It is understood that glycolic and glyoxylic acids are highly dissociated in water, and at pH of between 7 and 10 are largely if not substantially entirely present as glycolate and glyoxylate ions. It will be also be appreciated by those skilled in the art that glyoxylic acid (and its conjugate base, the glyoxylate anion) may also be present as the hydrate, e.g. (HO)2 CHCOOH and/or as the hemiacetal, HOOCCH(OH)OCH(OH)COOH, which compositions and their anionic counterparts are equivalent to glyoxylic acid and its anion for the present purpose of being suitable reactants for N-(phosphonomethyl)glycine formation.

Oxygen (O2), the oxidant for the conversion of the glycolic acid to glyoxylic acid, may be added as a gas to the reaction by agitation of the liquid at the gas-liquid interface or through a membrane permeable to oxygen. It is believed that under most conditions, the reaction rate is at least partially controlled by the rate at which oxygen can be dissolved into the aqueous medium. Thus, although oxygen can be added to the reaction as air, it is preferred to use a relatively pure form of oxygen, and even use elevated pressures. Although no upper limit of oxygen pressure is known, oxygen pressures up to 50 atmospheres may be used, and an upper limit of 15 atmospheres is preferred. Agitation is important to maintaining a high oxygen dissolution (hence reaction) rate. Any convenient form of agitation is useful, such as stirring. On the other hand, as is well known to those skilled in the enzyme art, high shear agitation or agitation that produces foam may decrease the activity of the enzyme(s), and should be avoided.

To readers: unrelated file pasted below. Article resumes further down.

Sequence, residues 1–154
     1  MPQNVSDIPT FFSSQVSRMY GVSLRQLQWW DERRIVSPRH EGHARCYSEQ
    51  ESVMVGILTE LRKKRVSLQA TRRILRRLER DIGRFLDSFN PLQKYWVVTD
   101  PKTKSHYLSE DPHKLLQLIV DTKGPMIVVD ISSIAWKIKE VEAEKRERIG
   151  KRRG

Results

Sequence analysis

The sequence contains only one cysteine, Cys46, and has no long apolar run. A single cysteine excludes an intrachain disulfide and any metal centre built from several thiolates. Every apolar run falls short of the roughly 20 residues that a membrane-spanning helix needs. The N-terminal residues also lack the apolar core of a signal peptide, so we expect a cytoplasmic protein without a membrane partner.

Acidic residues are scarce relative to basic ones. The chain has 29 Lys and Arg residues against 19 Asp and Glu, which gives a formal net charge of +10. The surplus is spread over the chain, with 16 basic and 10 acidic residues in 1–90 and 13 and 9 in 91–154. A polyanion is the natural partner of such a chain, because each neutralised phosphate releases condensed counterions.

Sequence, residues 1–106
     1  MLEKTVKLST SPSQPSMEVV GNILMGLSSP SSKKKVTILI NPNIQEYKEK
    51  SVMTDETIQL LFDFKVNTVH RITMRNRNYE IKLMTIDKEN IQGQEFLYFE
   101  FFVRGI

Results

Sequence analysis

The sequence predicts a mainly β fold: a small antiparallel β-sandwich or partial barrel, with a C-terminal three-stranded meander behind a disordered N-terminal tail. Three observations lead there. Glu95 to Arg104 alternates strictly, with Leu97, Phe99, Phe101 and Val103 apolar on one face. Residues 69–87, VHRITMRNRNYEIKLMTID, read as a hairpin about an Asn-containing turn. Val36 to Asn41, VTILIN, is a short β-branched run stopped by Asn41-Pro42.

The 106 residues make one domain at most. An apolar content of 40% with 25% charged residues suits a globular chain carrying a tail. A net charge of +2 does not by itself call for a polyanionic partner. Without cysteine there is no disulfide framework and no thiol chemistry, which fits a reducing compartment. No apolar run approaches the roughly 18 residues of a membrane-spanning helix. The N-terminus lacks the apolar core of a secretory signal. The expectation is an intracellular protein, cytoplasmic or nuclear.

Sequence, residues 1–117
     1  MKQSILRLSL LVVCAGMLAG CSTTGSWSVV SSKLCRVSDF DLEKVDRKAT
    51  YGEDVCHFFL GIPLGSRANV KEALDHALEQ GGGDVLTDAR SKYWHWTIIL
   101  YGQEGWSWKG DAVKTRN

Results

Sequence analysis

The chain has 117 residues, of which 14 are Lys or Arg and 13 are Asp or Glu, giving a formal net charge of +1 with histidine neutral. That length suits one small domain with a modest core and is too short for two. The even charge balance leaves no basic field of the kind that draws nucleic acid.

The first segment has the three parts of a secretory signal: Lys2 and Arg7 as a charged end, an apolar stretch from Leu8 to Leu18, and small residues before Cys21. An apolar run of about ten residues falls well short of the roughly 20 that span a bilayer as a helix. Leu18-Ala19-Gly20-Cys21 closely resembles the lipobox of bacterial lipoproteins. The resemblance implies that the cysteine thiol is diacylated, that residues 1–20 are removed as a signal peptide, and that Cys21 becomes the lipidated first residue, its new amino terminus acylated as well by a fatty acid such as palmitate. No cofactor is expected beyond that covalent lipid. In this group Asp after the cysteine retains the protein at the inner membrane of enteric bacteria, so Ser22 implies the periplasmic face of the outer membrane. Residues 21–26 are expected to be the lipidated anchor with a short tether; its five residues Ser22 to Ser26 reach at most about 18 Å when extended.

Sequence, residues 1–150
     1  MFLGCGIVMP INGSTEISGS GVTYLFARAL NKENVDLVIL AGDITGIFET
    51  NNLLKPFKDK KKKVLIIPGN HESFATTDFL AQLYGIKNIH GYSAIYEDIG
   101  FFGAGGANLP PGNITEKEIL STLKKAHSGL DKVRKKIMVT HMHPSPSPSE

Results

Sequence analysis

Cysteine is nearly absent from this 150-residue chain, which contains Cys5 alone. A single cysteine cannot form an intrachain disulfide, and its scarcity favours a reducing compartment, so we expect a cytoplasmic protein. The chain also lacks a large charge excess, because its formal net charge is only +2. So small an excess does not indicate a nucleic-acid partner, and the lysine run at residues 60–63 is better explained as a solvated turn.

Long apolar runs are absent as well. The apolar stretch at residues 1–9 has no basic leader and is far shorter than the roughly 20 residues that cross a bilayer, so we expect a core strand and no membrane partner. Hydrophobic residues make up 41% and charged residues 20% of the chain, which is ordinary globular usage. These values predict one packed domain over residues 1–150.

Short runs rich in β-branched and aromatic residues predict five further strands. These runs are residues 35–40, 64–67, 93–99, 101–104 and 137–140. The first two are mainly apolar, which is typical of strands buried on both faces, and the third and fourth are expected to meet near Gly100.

The reaction temperature is an important variable, in that it affects reaction rate and the stability of the enzymes. A reaction temperature of 0 C. to 40 C. may be used, but the preferred reaction temperature range is from 5 C. to 15 C. Operating in the preferred temperature range maximizes recovered enzyme activity at the end of the reaction. The temperature should not be so low that the aqueous solution starts to freeze. Temperature can be controlled by ordinary methods, such as, but not limited to, by using a jacketed reaction vessel and passing liquid of the appropriate temperature through the jacket. The reaction vessel may be constructed of any material that is inert to the reaction ingredients.